Ultimate Fighter 5” Finale on June 23, 2007. It was Pulver’s final
appearance inside the Octagon.

Hughes had a runaway-train feel about him when he risked the
welterweight crown against Penn in the UFC 46 co-headliner on Jan.
31, 2004 at the Mandalay Bay Events Center in Las Vegas. One
opponent after another had yielded to his toxic blend of power
wrestling, ferocious ground-and-pound and technical grappling, as
he had rattled off five consecutive title defenses. Penn was one of
the most gifted fighters the sport had ever seen and had rebounded
from a majority decision loss to the aforementioned Pulver, his
victories over Paul
Creighton
, Matt Serra and
Takanori
Gomi
sandwiched around a five-round draw with Caol Uno. Most
seasoned observers believed Hughes was too strong for the popular
but undersized Hawaiian. They could not have been more wrong. Penn
took it to the champion on the feet, and when Hughes stumbled after
whiffing on a left hand, “The Prodigy” dumped him to the mat. Penn
passed guard, advanced to the back and cinched a rear-naked choke.
Hughes had no choice but to tap with 22 seconds left in the first
round, as he emerged from the choke with a blank stare and
reluctantly passed the torch. Penn made it look easy. They met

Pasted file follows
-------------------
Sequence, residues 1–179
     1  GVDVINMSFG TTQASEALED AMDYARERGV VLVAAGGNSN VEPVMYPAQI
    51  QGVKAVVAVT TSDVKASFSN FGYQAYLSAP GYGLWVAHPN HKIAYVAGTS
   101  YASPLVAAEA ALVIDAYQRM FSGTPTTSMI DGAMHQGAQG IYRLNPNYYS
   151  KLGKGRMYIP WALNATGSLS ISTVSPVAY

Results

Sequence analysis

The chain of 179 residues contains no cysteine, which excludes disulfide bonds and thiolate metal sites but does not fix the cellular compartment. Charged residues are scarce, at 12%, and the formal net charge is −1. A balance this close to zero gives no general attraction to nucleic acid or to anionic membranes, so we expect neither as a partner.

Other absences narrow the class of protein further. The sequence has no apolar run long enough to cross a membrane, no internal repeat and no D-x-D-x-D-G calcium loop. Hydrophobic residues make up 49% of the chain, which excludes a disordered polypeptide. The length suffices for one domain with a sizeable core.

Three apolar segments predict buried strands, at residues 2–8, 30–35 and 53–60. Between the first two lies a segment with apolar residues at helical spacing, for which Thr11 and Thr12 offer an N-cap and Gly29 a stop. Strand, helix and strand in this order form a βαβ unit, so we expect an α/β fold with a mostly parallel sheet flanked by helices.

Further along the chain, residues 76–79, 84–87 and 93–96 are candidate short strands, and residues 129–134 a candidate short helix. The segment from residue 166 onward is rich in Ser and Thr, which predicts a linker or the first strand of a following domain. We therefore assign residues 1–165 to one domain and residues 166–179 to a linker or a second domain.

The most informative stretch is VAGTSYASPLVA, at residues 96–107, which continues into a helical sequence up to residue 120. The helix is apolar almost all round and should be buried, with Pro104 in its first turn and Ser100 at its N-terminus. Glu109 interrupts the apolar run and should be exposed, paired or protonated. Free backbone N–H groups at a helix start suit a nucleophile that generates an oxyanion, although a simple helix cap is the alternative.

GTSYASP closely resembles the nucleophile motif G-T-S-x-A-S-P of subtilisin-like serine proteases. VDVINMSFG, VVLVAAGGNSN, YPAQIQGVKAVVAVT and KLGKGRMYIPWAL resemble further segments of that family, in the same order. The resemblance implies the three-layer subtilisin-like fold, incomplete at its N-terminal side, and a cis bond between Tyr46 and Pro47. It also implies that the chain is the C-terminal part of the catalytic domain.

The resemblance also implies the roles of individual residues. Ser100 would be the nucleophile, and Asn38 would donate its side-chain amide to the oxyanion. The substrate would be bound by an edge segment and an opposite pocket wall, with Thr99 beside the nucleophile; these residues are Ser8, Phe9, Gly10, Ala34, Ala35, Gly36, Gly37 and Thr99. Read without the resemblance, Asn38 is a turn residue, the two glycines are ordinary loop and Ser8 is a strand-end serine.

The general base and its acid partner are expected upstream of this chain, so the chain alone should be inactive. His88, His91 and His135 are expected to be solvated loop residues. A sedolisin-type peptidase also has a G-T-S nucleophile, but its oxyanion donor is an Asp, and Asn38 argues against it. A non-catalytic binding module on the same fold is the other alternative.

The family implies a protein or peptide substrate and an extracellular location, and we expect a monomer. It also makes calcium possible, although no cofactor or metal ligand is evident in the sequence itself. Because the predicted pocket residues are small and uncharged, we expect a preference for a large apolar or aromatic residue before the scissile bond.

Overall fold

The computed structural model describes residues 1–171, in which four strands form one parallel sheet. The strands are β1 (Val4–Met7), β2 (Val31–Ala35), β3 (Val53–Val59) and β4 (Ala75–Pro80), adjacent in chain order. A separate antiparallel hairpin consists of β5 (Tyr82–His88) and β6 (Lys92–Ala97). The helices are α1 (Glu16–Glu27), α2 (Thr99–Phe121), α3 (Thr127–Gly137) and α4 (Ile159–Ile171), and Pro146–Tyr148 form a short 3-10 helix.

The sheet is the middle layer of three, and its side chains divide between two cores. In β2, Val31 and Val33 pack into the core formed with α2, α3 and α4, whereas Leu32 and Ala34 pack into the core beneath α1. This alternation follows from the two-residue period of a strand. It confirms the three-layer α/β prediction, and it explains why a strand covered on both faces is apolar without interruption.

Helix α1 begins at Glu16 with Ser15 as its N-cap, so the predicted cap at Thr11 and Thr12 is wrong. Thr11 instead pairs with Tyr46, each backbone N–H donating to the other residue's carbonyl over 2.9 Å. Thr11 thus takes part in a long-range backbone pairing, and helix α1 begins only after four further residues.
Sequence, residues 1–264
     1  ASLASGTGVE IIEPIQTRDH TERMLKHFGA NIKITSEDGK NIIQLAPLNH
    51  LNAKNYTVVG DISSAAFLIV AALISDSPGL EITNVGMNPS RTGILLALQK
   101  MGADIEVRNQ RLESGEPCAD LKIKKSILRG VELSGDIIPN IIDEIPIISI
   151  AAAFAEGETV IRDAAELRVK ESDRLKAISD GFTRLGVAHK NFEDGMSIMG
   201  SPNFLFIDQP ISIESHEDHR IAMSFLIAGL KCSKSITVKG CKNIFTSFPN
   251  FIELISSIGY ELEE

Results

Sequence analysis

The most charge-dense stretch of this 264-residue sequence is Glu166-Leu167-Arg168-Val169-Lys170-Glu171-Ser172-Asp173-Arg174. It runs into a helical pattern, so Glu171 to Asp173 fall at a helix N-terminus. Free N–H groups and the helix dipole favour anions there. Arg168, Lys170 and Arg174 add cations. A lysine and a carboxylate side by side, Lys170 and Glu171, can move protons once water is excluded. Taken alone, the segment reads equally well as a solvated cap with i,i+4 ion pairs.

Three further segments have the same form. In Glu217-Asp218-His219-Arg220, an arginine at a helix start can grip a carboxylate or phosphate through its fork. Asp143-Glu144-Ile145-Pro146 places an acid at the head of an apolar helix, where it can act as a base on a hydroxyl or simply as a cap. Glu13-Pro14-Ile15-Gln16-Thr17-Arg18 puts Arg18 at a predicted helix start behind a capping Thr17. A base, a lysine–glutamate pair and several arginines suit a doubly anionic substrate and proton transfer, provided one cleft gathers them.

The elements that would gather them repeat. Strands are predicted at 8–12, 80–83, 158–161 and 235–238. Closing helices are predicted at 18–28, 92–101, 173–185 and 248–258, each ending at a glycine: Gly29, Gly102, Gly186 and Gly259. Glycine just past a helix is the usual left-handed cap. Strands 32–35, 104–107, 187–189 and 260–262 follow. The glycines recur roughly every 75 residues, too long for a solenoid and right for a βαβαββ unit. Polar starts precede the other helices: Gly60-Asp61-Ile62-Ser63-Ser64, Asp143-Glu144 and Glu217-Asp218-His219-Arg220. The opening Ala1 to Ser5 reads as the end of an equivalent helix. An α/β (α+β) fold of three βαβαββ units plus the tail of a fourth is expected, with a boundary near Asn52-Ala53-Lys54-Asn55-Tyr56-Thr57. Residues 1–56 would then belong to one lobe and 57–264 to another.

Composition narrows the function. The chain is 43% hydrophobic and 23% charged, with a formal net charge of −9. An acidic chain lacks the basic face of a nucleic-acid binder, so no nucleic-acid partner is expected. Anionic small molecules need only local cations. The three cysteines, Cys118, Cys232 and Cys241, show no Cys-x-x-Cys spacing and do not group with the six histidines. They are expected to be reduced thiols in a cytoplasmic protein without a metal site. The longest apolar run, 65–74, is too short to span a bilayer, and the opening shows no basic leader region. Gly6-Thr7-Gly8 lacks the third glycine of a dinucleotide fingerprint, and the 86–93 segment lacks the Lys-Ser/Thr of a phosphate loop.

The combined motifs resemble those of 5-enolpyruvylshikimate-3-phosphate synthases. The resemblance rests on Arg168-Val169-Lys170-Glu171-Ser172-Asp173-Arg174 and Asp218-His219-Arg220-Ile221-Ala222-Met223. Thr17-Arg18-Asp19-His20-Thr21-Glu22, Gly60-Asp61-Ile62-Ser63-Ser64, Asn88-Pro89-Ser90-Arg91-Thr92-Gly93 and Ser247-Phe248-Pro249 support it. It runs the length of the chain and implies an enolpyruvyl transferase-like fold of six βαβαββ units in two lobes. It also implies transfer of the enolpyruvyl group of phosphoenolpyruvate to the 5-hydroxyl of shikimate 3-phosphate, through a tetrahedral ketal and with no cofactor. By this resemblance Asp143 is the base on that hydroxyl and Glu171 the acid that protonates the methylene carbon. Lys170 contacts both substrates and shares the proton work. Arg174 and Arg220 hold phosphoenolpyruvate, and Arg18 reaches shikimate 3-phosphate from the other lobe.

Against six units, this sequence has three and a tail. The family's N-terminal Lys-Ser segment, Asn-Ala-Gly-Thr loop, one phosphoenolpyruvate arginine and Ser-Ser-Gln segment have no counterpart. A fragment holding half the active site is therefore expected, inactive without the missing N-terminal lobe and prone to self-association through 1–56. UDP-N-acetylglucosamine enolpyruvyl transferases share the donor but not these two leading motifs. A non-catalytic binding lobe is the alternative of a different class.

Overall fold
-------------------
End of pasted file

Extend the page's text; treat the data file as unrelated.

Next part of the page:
twice more in the ensuing years. Hughes exacted a measure of
revenge with a second-round technical knockout at UFC 63 in 2006
before Penn closed the book on their trilogy with a 21-second
knockout in 2010.

Penn tied up some loose ends and retained the undisputed
lightweight championship in the UFC 84 headliner, as he wiped out
Sherk—“The Muscle Shark” had been stripped of the title less than a
year earlier due to a positive test for performance enhancers—with
a third-round knee strike and follow-up punches on May 24, 2008 at
the MGM Grand Garden Arena in Las Vegas. The Hawaiian controlled
the majority of the match with a punishing jab, keeping Sherk at
bay while denying both of his attempted takedowns. The damage
started to pile up in the third round, with Sherk bleeding from